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SQL 101 question: accessing MSDE over a LAN

Hey, there...

I have two machines connected via an ethernet lan - lets call one HPPAV and another COMPAQ.  HPPAV has a new installation of MSDE 2000, plus the client tools from Microsoft SQL 2000 Standard (e.g., Enterprise Manager, , and a Test database.  I want to enable applications I have running on the COMPAQ (which also has MSDE 2000, as well as SQL 2005 client tools, but probably not pertinent) to have data access (read only, full, whatever) to the Test database on HPPAV.  The HPPAV and COMPAQ do not have common user logon accounts, if that matters.  COMPAQ can access other data easily from HPPAV through the use of shared folders, but I'm having trouble setting this up.

I know this is probably SQL 101, but I haven't had much success in searching over the web - no simple answers, however.

Your help will be greatly rewarded with 500 points!

Kevin
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kmoloney
Asked:
kmoloney
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1 Solution
 
kmoloneyAuthor Commented:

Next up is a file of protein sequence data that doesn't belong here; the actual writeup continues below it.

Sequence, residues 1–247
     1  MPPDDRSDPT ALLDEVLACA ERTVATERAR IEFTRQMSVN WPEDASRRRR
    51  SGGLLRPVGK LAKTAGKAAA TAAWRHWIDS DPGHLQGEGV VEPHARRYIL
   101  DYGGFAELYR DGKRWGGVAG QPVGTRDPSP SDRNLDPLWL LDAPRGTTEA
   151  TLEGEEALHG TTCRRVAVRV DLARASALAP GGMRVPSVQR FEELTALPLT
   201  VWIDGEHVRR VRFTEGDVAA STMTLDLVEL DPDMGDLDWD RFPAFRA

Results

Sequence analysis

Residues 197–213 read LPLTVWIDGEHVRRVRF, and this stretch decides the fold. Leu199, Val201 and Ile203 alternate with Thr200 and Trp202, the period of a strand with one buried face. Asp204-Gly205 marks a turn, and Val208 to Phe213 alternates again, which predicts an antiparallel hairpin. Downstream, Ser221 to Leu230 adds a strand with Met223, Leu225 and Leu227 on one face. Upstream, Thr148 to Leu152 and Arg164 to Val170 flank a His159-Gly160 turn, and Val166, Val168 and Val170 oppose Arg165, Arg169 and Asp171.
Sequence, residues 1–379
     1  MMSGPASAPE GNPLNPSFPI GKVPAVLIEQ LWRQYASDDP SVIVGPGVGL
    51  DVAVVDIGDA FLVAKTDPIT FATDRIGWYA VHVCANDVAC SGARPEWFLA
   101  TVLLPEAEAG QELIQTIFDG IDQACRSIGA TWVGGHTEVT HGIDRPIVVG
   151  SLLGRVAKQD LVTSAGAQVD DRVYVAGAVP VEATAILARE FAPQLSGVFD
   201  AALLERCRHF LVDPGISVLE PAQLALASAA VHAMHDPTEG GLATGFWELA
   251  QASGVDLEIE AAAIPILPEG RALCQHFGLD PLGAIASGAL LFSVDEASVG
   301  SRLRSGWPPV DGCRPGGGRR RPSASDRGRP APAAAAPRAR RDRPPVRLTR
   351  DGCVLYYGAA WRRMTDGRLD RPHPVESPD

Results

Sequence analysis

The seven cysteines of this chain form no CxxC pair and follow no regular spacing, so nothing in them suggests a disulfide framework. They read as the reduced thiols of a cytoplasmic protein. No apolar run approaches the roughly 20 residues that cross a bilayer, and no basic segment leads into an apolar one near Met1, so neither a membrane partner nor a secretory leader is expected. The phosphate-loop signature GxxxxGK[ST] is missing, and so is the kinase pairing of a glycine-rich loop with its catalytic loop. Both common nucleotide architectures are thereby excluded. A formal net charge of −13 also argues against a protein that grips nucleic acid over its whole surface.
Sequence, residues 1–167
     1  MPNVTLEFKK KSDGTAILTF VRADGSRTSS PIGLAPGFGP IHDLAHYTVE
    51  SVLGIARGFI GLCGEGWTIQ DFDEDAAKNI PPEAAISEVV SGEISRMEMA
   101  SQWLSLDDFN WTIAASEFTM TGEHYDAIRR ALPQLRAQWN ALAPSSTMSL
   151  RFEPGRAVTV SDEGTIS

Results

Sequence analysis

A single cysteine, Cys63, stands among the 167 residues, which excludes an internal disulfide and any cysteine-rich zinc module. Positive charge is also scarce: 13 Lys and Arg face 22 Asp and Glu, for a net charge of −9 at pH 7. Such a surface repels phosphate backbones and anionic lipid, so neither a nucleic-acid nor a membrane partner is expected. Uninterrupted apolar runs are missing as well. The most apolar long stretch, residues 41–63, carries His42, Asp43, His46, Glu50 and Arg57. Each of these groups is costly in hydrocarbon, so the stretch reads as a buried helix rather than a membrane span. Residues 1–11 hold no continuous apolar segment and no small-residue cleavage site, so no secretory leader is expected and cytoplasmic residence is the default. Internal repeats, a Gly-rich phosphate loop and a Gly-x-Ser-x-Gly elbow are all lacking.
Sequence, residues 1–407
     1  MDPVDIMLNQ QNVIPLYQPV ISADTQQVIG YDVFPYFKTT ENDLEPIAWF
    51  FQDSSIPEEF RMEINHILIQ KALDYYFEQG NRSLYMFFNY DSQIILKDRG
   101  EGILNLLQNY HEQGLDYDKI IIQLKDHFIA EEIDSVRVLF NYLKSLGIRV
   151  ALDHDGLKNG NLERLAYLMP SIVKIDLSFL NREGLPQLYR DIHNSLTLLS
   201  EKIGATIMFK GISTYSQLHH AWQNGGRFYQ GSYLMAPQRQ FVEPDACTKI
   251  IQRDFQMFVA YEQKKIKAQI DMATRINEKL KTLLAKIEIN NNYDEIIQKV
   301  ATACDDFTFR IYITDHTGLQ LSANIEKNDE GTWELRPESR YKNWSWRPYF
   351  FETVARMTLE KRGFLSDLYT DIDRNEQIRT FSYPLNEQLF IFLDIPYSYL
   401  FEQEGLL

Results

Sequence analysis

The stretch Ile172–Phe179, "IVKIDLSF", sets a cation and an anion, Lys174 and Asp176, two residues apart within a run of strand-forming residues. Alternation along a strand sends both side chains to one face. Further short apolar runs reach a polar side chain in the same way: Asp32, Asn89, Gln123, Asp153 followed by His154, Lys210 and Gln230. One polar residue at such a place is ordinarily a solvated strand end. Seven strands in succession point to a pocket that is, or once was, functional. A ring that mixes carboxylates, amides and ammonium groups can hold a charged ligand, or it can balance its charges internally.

FYI - To clarify, COMPAQ cannot see the SQL Server on HPPAV.  In Microsoft SQL Server Management Studio (which comes with VB.NET 2005 Professional) I attempt to connect to a server by requesting it to "Browse for more..." under "Server Name:".  HPPAV is not returned.
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Racim BOUDJAKDJIDatabase Architect - Dba - Data ScientistCommented:
Try accessing it using IP adress instead of name
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nmcdermaidCommented:
Here is a standard test to test connectivity, do everything in this order and you can work out at what point connectivity drops out (run all of these in a command prompt):


1. PING <IP Address>
    You should get 'reply from ......'


2. PING <Machine Name)
    You should get 'reply from ......'

3. TELNET <machine name> <port>
    <port> is the port that the server is running on. By default this is 1433 but you'll need to verify this by checking the SQL Server logs
    If you get a blank screen then this test is successful
    If you get 'unable to connect' then the SQL Server service is not running, or there is a firewall blocking port 1433

4. OSQL -S <servername> -U <login< -P <password>
   You should get a promtp like this: 1>
   Type exit to exit it.



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kmoloneyAuthor Commented:
nmcdermaid,

Before your suggestions, I attempted to logon to the server using an ODBC driver for SQL.  I had made the installation in mixed mode, and was able to access it using the sa username and password - something I'm told isn't the best practice in security.

Steps 1 and 2 went without a hitch; step 3 failed; and step 4 worked.  ???  I am able to connect, now.